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  • Writer's pictureBamboo Sam

The Zombie

The dangerous drink that launched the tropical drinks craze


Zombie!

I'm really not sure how I made it this far without doing a post on the Zombie. But, this being the eve of All Hallows Eve, the time seemed right.


Much like the Mai Tai, the Zombie is one of those drinks that everyone's heard of and few have ever had a good one. It's reputation is legendary. Don placed a two drink limit on Zombies at his Hollywood restaurant and considering that his 1934 version of the drink contained 3 ounces of 80 proof rum and 1 ounce of 151 proof rum it was probably a good idea. Rumor has it that the night in 1936 when Howard Hughes hit and killed a pedestrian he was driving home from Don the Beachcomber's after a couple of Zombies.


The other similarity between the Zombie and the Mai Tai is that it was so popular that imitators created their best facsimile and sold them as the same drink with the same name even though they didn't actually know what was in the original. The reason no one knew what was in a Zombie was because Don the Beachcomber worked very hard to keep it that way. He only gave the recipe to his most trusted bartenders, every one else worked from recipes that were in code. Things like "2 ounces rum blend #2, 1 ounce Don's Mix #1, etc.) With all of the ingredients premixed by Don or off-sight, rival bars couldn't poach his staff and get his recipes. The result was twofold. 1) Other bars just made their own versions and since more drinkers went to every other bar than actually made it to Don the Beachcomber's the crappy derivatives became the standard. 2) The actual recipe(s) were almost lost forever as Don and his bartenders retired.


Thankfully, Jeff "Beachbum" Berry came to the rescue and over the course of 10 years he was able to recover several "original" Zombies. If you're interested in the whole sordid tale I'd suggest his book Sippin' Safari. If the guy's written a bad book I haven't read it yet. You may have noticed that I said he found several Zombie recipes. That is not a reference to the pale imitations that came from other sources but the various versions Don himself served over the years. Don (like most bartenders) constantly tweaked his recipes. It's not just a habit but often a necessity. Rum brands and varieties come and go, even those that stay change over time. Even the fruit itself has changed a bit since Don's first Zombie in 1934. In fact, despite all of the advancements of the past century, I'll bet you have a harder time finding white grapefruit than Don did. When it comes to the various versions they tend to fall into a couple of categories. There's the original, simpler versions given to magazine or recipe books, and variations provided to other bars that hired Don as a consultant. The original was found in a notebook of Dick Santiago - an employee of Don's from 1937 -1952 by the Bum. While it was in code, the Bum was able to crack it and so the first recipe below is this earliest version of the Zombie known.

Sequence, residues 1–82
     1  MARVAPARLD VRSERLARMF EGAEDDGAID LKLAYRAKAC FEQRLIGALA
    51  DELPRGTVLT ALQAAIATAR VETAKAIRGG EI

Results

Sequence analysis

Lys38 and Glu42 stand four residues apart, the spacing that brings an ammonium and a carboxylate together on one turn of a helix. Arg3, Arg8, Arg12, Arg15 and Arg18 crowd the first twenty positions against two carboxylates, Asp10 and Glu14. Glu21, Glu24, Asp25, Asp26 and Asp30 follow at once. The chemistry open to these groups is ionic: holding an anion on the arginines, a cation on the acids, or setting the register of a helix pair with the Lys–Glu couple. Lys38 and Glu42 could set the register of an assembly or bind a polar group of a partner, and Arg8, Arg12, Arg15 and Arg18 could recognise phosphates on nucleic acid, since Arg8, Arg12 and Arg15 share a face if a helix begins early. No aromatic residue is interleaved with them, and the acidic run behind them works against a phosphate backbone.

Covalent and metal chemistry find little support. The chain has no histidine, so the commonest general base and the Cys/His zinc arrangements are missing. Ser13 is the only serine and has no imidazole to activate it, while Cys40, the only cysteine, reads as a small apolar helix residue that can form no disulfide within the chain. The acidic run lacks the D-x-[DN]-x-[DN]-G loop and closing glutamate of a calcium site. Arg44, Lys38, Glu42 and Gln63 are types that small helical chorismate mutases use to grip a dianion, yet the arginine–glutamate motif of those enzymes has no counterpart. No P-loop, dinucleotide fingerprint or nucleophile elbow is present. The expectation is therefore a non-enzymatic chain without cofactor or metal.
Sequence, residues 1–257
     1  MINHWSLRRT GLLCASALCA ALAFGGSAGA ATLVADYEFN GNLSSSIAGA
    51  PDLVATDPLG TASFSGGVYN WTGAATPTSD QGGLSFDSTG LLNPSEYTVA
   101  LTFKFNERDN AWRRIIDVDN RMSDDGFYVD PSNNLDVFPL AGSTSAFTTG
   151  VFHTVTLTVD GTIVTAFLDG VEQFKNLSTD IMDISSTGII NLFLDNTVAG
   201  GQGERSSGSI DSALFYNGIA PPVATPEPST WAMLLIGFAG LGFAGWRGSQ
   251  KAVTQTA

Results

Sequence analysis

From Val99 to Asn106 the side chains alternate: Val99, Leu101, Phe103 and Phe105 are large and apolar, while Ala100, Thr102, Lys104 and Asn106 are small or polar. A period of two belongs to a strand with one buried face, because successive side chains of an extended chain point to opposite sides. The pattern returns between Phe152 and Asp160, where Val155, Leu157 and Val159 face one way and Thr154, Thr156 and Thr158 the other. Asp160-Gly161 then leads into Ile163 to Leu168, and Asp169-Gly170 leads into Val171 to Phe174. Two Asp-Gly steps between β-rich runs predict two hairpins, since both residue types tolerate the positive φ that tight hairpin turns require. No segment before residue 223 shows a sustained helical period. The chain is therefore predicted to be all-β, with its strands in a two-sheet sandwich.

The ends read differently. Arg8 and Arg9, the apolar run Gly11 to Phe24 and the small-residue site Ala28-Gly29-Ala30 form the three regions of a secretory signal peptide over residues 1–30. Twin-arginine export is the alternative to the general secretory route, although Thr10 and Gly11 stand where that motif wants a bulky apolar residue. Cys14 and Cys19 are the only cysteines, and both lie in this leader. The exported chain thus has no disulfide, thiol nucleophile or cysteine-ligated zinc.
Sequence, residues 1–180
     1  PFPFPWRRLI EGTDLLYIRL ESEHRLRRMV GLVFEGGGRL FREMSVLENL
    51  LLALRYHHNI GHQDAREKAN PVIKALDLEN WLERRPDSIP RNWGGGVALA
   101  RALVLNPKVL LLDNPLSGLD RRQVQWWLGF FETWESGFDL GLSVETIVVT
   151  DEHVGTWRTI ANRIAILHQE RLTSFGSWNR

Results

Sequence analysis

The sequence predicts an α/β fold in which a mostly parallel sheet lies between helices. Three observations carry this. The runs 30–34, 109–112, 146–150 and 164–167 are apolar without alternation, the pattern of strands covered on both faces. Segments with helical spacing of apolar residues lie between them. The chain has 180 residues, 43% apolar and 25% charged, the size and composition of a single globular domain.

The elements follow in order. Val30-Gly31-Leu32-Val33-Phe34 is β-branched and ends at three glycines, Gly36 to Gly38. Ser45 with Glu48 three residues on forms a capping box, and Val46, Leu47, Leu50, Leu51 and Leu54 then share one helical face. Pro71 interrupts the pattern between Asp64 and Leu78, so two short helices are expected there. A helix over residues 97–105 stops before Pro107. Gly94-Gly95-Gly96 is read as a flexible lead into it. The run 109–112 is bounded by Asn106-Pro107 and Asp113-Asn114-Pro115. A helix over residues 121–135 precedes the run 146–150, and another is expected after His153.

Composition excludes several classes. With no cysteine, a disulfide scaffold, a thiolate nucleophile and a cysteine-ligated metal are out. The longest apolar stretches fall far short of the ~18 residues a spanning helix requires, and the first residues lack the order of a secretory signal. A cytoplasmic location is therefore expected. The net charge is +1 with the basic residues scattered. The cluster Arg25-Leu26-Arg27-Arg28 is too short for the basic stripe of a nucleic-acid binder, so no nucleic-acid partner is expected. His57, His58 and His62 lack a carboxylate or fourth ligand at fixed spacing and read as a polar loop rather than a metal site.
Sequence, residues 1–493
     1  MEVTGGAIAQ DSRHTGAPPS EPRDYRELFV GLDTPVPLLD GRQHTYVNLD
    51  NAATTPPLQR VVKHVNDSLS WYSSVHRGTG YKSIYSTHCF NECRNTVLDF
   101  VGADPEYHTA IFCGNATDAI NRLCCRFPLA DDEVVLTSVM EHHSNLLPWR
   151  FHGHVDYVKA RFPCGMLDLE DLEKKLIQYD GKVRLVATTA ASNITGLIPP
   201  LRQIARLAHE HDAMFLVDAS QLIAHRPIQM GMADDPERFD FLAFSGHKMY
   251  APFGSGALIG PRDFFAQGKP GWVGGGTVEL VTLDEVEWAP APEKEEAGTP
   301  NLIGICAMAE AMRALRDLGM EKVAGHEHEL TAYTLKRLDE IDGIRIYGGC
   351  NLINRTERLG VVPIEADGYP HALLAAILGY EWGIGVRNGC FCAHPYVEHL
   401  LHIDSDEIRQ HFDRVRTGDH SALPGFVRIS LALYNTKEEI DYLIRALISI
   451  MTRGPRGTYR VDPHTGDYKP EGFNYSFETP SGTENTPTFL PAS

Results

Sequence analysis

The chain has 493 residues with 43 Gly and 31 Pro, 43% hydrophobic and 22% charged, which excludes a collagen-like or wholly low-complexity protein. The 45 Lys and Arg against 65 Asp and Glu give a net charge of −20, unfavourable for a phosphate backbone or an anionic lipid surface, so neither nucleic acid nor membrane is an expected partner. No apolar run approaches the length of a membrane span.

However, as I said, Don never stopped tweaking his recipes. In 1959 Don was hired as a consultant for the Aku Aku, a Polynesian themed restaurant at the Stardust Hotel in Las Vegas. They had a Zombie on their menu that is believed to be another of Don's recipes. This is actually the Zombie that I prefer. It's not that the original isn't good, it's just that the Aku Aku version is much better balanced and nuanced. The inclusion of small amounts of so many ingredients is a pain but then again, all great art requires suffering!

Zombie Cocktail

Zombie (1934 Original)

Source - Intoxica, Jeff "Beachbum" Berry

  • 3/4 ounce lime juice

  • 1/2 ounce Don's mix¹

  • 1/2 ounce falernum*

  • 1 1/2 ounces gold Puerto Rican rum*

  • 1 1/2 ounce aged Jamaican rum*

  • 1 ounce Lemon Hart 151

  • dash Angostura bitters

  • 1/8 teaspoon Pernod

  • 1 teaspoon grenadine


Build everything in a mixing tin and flash blend for 5 seconds with crushed ice using a spindle mixer. Serve in a chimney glass or Tiki mug. Garnish is a mint sprig.


¹Don's mix is two parts white grapefruit juice to 1 part cinnamon syrup.


*Bamboo Sam's customizations: For the falernum I use Taylor's Velvet Falernum. I am still using Cruzan as a sub for Puerto Rican rums and the Bum recommends Appleton V/X or Extra for the Jamaican. The Lemon Hart 151 is a must; there are no substitutes!


Zombie in Tiki Mug

Zombie (1959 Aku Aku)

Source - Intoxica, Jeff "Beachbum" Berry

  • 3/4 ounce lime juice

  • 3/4 ounce white grapefruit juice

  • 3/4 ounce cinnamon syrup*

  • 3/4 ounces gold Puerto Rican rum*

  • 3/4 ounce dark Jamaican rum*

  • 3/4 ounce Lemon Hart 151

  • 1/8 teaspoon Pernod¹

  • 1/8 teaspoon grenadine¹

  • 1/8 teaspoon falernum¹

  • 1/8 teaspoon orange curaçao¹

  • dash Angostura bitters


Build everything in a mixing tin and flash blend for 5 seconds with crushed ice using a spindle mixer. Serve in a chimney glass or Tiki mug. Garnish is a mint sprig.


¹pre-mix these together and you get what Don the Beachcomber called his Zombie Mix.


*Bamboo Sam's customizations: For the falernum I use Taylor's Velvet Falernum. I am still using Cruzan as a sub for Puerto Rican rums and in this drink I bounce back and forth between Plantation Xamayca and Dr. Bird for the Jamaican. As before, the Lemon Hart 151 is a must; there are no substitutes!





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